Thursday, July 12, 2012

Is that a hurdy gurdy?

No, it's a פסנתרין (Daniel 3:5), allegedly. 

Here's the whole key:

And the images:

From Moses Landau's, נכדו של הגאון בעל הצל"ח, Prague 1835 edition of Psalms (link). It has tziltzele shema and tziltzelei serua.


  1. Interesting to note that the English word "symphony" might have meant bagpipe originally in Greek, as depicted in picture 16 (סומפוניא). Don't know how many people would be willing to sit through a bagpipe symphony...

  2. In 1612 אברהם הרופא פורטלאונה printed a book שלטי הגיבורים in which he descripes in detail all the musical instruments mentioned in Torah and chazal.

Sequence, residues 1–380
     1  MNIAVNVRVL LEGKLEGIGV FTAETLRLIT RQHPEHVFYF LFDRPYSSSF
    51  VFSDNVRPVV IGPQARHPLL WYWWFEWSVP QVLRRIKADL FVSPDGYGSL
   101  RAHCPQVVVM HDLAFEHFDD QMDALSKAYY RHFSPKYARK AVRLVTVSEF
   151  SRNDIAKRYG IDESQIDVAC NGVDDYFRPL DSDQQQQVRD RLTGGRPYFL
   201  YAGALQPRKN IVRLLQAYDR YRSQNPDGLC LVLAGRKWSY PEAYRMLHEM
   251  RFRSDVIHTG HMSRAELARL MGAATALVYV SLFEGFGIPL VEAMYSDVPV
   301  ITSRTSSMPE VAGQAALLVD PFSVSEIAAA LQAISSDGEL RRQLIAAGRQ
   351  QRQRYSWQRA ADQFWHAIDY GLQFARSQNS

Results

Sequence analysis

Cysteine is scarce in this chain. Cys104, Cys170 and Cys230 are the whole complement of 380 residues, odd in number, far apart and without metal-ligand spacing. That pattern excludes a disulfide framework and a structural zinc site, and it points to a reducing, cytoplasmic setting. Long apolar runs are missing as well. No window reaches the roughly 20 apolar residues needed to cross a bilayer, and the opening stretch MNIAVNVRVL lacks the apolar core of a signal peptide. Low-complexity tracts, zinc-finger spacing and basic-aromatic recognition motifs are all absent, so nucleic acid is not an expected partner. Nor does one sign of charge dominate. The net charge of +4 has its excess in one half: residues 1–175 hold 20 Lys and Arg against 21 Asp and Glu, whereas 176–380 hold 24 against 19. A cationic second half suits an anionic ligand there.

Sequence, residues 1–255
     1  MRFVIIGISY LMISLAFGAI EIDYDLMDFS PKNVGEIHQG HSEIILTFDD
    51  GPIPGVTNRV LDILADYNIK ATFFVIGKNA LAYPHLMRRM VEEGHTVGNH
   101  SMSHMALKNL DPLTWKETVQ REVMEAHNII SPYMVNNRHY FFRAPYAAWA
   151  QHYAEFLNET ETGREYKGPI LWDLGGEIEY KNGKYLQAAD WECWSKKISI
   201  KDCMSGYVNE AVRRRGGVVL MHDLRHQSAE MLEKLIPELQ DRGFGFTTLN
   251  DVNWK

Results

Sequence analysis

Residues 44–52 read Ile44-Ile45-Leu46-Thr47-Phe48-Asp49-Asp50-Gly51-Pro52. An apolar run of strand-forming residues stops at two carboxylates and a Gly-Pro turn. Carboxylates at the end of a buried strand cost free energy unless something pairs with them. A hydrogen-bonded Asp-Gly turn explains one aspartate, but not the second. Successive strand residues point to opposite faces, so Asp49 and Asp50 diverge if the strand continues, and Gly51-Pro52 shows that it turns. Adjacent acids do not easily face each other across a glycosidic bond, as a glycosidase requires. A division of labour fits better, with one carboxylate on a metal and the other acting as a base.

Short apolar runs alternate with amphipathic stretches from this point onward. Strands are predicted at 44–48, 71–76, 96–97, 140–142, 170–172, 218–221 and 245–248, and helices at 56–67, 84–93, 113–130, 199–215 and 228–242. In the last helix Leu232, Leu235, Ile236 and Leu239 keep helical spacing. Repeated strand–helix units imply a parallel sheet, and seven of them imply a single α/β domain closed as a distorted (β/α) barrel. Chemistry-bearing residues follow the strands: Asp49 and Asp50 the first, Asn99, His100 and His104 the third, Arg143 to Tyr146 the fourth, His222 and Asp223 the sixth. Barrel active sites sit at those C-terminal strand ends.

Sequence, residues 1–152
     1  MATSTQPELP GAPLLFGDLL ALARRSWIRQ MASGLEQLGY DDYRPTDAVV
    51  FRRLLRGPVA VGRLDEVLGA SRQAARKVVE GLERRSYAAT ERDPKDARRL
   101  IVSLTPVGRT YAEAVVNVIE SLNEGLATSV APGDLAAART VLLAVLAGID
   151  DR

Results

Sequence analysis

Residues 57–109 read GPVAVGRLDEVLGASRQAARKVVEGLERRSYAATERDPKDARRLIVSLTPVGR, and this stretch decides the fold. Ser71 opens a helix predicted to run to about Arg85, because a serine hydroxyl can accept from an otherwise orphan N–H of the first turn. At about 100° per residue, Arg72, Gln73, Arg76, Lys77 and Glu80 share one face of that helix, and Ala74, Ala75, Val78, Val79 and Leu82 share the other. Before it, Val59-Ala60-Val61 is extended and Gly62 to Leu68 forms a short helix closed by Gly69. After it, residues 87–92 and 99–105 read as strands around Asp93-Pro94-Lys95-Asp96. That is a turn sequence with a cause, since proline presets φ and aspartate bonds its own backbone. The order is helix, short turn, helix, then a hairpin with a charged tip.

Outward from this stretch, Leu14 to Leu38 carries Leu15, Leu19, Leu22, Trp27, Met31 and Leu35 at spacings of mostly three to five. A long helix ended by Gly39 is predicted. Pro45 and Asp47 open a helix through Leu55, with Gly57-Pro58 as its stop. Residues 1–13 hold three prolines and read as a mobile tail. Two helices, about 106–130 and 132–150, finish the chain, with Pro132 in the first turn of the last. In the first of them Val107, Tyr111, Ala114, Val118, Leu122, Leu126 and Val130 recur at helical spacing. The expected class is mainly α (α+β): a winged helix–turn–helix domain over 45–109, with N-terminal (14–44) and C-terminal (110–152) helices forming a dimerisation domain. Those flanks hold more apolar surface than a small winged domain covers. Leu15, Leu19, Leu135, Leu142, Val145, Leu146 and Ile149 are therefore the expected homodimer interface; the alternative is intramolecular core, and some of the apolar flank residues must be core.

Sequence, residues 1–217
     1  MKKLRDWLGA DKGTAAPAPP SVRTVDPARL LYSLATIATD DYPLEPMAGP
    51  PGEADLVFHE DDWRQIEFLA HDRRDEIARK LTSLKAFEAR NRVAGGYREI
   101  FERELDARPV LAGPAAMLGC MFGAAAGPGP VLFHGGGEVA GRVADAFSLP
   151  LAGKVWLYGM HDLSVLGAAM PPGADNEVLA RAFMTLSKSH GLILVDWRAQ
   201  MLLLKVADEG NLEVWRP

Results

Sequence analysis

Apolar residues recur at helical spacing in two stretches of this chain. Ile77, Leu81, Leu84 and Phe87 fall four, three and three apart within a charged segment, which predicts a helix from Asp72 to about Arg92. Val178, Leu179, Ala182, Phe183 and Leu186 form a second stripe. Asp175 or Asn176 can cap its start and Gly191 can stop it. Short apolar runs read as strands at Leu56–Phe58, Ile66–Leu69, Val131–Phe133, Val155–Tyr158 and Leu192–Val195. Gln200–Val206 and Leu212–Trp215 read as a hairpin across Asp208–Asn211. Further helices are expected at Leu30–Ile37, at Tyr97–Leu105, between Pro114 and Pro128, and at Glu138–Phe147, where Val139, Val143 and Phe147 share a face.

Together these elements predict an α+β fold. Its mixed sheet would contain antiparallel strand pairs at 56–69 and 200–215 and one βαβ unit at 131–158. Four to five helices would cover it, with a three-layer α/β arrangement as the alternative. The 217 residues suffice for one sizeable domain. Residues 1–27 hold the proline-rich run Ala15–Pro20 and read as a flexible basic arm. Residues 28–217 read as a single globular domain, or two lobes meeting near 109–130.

3. As you can see, many of these cite the Shiltei Hagiborim as its source.

  4. Personally I wouldn't at all mind a bagpipe symphony, or at least a concerto. Interesting that Landau gives no support to the theory, advanced by Shadal and others, that the "ugav" was not a wind instrument but a variant of one of the strings that he pictures.

  5. There was a condensed version of Shilte Hagiborim published recently as well titled עניני המשכן והמקדש
    edited by שאול שפר
    If I recall correctly, Shilte Hagiborim was The first Hebrew book using European punctuation.

  6. There was a new version {Shiltei HaGiborrim] by Machon Yerushalayim printed about a year or two ago. Panim Chadashot mamash.



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